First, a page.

Hawk the Herald Angels Sing
Hawk Hill Farm, ~1 mile, Wintonbury Land Trust, Bloomfield
I just love the fact that there are so many Bloomfield hikes. I don’t really know what the collective thought about Bloomfield is, but I’d guess it has nothing to do with all the available trails to hike. Even though part of Talcott Mountain State Park and the bulk of Penwood State Park are in Bloomfield, my guess is people tend to think about Blue Hills Avenue and perhaps some of the issues from Hartford’s north end bleeding over into town.
Which is kind of ridiculous, as three-quarters of the town is decidedly more rural than, say, West Hartford or Wethersfield. In fact, Bloomfield has a cross-town trail! Yes, the LaSalette Trail courses from Filley Park in the town’s center out to the Metacomet Trail on the ridgeline at Penwood.
Part of that trail takes in Hawk Hill and the farm along Duncaster Road below and to the west of it. I’ve learned that those who have discovered Hawk Hill keep their secret close to their breast, as its a nice little unpopulated loop hike that has views of Hartford to the southeast and the Metacomet Ridge west and north, seemingly to Massachusetts.
Sorry Secret Keepers, I’m blowing up your spot.
Hawk Hill Farm is one of the oldest continuously operating farms in Bloomfield, dating back to 1746. Multiple generations of the Kelly family operated the farm from the 1860’s to the 1980’s. The post and beam barn was in poor to failing condition when it was bought in 2015. The Wintonbury Land Trust raised $35,000 to successfully stabilize the structure, added electrical power and rebuilt the large sliding front doors.
The farm has a hiker’s lot for a few cars to park at the barn. I’ve passed the farm several times over the years and they used to have some of those long-haired hippie Scottish cows here. I haven’t seen them in a few years, so maybe they’ve moooooved on or have been moooooved; I’m not sure.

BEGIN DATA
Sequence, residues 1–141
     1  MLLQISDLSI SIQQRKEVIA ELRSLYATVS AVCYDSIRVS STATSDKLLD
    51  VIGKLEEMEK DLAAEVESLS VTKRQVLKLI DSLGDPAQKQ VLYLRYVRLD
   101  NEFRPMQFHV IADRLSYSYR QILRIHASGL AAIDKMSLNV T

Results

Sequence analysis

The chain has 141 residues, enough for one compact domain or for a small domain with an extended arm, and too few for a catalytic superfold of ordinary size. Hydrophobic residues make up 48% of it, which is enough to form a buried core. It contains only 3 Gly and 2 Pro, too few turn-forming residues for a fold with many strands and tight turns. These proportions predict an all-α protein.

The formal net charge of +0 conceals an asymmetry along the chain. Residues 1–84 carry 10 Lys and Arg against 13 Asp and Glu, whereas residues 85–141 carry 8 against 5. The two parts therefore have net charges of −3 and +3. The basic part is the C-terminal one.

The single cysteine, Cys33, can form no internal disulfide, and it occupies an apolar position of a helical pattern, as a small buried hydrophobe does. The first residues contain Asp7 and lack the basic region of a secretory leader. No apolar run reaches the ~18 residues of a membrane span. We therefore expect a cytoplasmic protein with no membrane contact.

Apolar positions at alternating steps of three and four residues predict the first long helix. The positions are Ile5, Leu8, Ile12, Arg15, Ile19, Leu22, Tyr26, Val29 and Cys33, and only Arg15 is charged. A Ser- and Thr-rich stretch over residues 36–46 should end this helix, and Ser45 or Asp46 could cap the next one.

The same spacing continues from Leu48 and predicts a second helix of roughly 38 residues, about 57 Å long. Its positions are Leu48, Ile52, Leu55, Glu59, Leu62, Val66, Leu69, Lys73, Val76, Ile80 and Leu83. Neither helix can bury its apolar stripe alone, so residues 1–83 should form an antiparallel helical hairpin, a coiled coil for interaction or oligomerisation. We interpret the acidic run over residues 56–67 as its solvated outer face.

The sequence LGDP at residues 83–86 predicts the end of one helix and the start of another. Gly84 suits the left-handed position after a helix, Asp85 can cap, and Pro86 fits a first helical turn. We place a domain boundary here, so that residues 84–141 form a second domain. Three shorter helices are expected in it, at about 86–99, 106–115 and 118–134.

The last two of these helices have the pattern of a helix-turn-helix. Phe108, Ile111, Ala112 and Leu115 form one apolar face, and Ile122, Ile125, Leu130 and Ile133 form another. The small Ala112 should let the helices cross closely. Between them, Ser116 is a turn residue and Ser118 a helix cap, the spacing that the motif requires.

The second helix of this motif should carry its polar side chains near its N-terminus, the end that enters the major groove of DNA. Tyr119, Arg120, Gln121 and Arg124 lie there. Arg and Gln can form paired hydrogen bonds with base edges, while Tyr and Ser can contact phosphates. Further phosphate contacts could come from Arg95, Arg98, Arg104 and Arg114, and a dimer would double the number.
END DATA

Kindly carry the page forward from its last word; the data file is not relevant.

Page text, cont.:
Follow the signs around the fenced enclosure and then up the farm road towards the hill. The farm has some very clear signage, imploring hikers to remain on the trail and not cut across farmed fields. Please follow these directions, because it would be a shame if this place was closed to hikers. Especially since the farm is for sale (in 2020) and who knows what the new owners will do with the place.
There are a few massive white oaks on the way up the hill – just majestic trees that surely used to mark property lines 200 years ago.
Halfway up the hill, the trail splits to begin the loop. I continued straight up the through the field. This will almost always be muddy, as farm field trails always tend to be. The reward for slogging through the mud is a view of the hills of the Metacomet Ridge that the New England National Scenic Trail traverses, via the Metacomet Trail.
It’s enough to forget that you’re in Bloomfield, so close to houses and roads.
It only gets better at the top of the hill, where the WLT’s Hawk Hill property meets the town’s LaSalette Open Space. Across the field (and down the hill, beyond the valley and town center and highway), lies the capital city of Hartford.
Pretty cool, eh? If you walk the perimeter of the topmost field into the LaSalette property, you will achieve a better view of the city… but for the purposes of this page, we’ll sticking to the Hawk Hill loop trail. If you’re so inclined, you can check out the LaSalette property which will add another mile to the trek.
And if you’re really into this area, feel free to continue east or west along the LaSalette Trail, which I’ve chronicled here.
The Hawk Hill loop trail dips back into the woods via a white-blazed trail that will take you back to the junction near the stream halfway back down the hill.
While the trail through the woods is cleared and blazed, it isn’t the most well designed trail I’ve ever walked. It needs some shoring up and perhaps an experienced trail-builder better handle the series of intermittent streams that I walked through.
Regardless of all the muck and mud (and, surely, biting insects that will come with warmer weather), it’s worth the effort and annoyance. Once linked back up to the approach trail, I merely retraced my steps past the wolf trees, along the old farm road, and back to the barn and my car.